The Kannada writer, U.R. Anantha Murthy, adds an interesting caveat to this argument. He says that we should not call the Sangh Parivar the ‘saffron brigade’ either. For, saffron is a beautiful colour, the colour of wisdom and renunciation, with so many rich resonances in our myths and our history. Why should we then cede it to the hard, humourless men on the right? Let them not usurp the lovely colour ‘saffron’, nor indeed, the inclusive term ‘nationalist’. The correct characterisation of the ideology of the Sangh Parivar, therefore, is ‘Hindu chauvinist’.

That the politics of the Sangh Parivar is exclusive and divisive has been demonstrated in the hundreds of reports published by civil liberties groups, extending over four decades and covering at least a dozen states, that document their hand in communal riots, big and small. Although they work within the Indian Constitution, they are, in effect, as opposed to its underlying ideals as are the Naxalites.

The real hate figure for the Sangh Parivar is the Muslim. But, as my late teacher, the historian Dharma Kumar, once pointed out, they actually secretly admire and even wish to emulate their historic enemies. What the BJP wanted for India, she said, was to construct “an Islamic State—for Hindus”. In medieval Muslim states, there was a category known as dhimmi, consisting of Jews and Christians who, as people of the book, were treated somewhat more leniently than the kaffirs, the unbelievers. The dhimmi were barred from the top positions in the state and in the army. However, so long as they paid their taxes and did not challenge the ruler, they could live in peace and security.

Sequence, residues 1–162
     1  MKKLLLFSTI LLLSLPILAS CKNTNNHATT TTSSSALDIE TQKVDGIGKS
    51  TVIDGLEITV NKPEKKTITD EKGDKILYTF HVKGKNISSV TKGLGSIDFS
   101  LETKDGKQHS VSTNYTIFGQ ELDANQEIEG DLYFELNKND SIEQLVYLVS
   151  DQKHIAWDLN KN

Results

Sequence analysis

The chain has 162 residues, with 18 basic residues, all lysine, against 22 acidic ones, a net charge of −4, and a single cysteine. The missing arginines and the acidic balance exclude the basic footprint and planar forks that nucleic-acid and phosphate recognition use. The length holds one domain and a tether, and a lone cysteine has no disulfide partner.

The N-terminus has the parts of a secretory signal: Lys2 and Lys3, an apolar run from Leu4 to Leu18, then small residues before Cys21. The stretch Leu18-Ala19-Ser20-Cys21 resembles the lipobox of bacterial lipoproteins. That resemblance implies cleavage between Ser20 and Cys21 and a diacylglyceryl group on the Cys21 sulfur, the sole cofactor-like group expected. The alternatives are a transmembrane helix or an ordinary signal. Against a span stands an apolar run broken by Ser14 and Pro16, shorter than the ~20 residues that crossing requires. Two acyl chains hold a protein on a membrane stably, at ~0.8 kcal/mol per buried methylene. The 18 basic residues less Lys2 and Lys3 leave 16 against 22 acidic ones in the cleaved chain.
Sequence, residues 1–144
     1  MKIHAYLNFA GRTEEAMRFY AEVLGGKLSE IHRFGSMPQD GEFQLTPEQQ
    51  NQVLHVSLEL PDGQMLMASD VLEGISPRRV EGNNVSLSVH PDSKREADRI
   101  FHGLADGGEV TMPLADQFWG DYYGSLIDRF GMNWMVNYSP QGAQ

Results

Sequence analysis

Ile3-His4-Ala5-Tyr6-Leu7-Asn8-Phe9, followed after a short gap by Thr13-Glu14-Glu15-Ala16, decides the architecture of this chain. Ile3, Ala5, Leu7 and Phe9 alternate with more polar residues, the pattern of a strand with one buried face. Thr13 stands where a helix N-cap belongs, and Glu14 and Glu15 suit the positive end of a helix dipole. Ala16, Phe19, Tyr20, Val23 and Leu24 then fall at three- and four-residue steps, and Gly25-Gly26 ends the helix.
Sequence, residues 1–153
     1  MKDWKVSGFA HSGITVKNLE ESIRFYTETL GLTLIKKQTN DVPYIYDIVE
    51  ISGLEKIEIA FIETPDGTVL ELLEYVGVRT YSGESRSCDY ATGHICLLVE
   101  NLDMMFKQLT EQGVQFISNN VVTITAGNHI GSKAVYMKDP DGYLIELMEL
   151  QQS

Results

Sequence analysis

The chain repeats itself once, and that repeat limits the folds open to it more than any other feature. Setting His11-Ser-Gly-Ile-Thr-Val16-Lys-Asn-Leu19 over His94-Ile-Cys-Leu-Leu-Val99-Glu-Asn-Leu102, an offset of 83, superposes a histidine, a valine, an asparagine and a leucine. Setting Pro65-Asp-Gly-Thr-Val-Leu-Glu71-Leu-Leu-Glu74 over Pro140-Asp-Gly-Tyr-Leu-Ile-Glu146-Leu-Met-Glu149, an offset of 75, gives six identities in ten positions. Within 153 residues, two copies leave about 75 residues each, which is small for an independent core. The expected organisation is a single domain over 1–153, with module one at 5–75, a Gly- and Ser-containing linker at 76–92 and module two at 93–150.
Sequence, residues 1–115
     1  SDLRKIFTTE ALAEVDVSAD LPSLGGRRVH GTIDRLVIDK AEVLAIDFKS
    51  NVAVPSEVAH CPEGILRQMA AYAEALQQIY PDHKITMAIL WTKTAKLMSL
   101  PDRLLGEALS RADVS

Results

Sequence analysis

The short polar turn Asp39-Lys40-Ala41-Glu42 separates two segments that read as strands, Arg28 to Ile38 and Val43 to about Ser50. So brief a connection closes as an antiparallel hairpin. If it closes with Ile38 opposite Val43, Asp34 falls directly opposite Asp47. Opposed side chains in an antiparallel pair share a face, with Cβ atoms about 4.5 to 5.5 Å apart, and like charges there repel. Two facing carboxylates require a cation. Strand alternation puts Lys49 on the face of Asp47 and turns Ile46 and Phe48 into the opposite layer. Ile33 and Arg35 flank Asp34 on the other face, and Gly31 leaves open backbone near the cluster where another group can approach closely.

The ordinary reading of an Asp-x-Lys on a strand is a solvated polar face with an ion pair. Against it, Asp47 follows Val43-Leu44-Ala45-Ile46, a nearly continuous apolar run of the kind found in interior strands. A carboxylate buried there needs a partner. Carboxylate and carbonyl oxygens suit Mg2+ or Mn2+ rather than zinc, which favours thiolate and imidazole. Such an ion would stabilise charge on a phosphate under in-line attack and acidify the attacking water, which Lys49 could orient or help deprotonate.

The kaffirs, on the other hand, were seen always and invariably as adversaries. In the same manner, if the RSS were to get its way, the Muslims and Christians in modern India would live undisturbed, so long as they acknowledged their theological and political inferiority to the dominant Hindus. But if they sought equal rights of citizenship, they would be punished as the kaffirs had once been.

To be fair, there are also other kinds of religious fundamentalisms lurking around in India. Some Christian and Muslim groups in India are as convinced of their theological superiority, as sure of their victory at the altar of history as any bigot of the Sangh Parivar. The hold of the Muslim orthodoxy over the community is so strong that even liberal Muslim intellectuals are cowed down by them. As a Hindu, I do not need to refer to any religious text to attack Untouchability—I can merely point out that it is an inhuman practice impermissible in a civilised society. Regardless of what the Shastras might or might not say on the subject, the fact that the Indian Constitution abolishes Untouchability is good enough for me. But a Muslim asking for equal rights for women finds it far more difficult to argue from first principles. He takes refuge instead in one or the other verse from the Quran, read or interpreted in a way most congenial to his argument. He tends to suppress or ignore the contrary evidence in other verses or sections.

There is, indeed, a reassertion of religious orthodoxy in all faiths in modern India—among Muslims and Christians as well as Sikhs and Hindus (and even, as it happens, among Jains). It is the illiberal tendencies in all these religions that, at the present juncture, are in the ascendant. The mullahs who abuse Sania Mirza or Taslima Nasreen, and the Sikh hardliners who terrorise the Dera Sacha Sauda, are also wholly opposed to the spirit of the Indian Constitution. But simply by virtue of numbers—Hindus are, after all, more than 80 per cent of India’s population—and their much wider political influence, Hindu bigotry is indisputably the most dangerous of them all.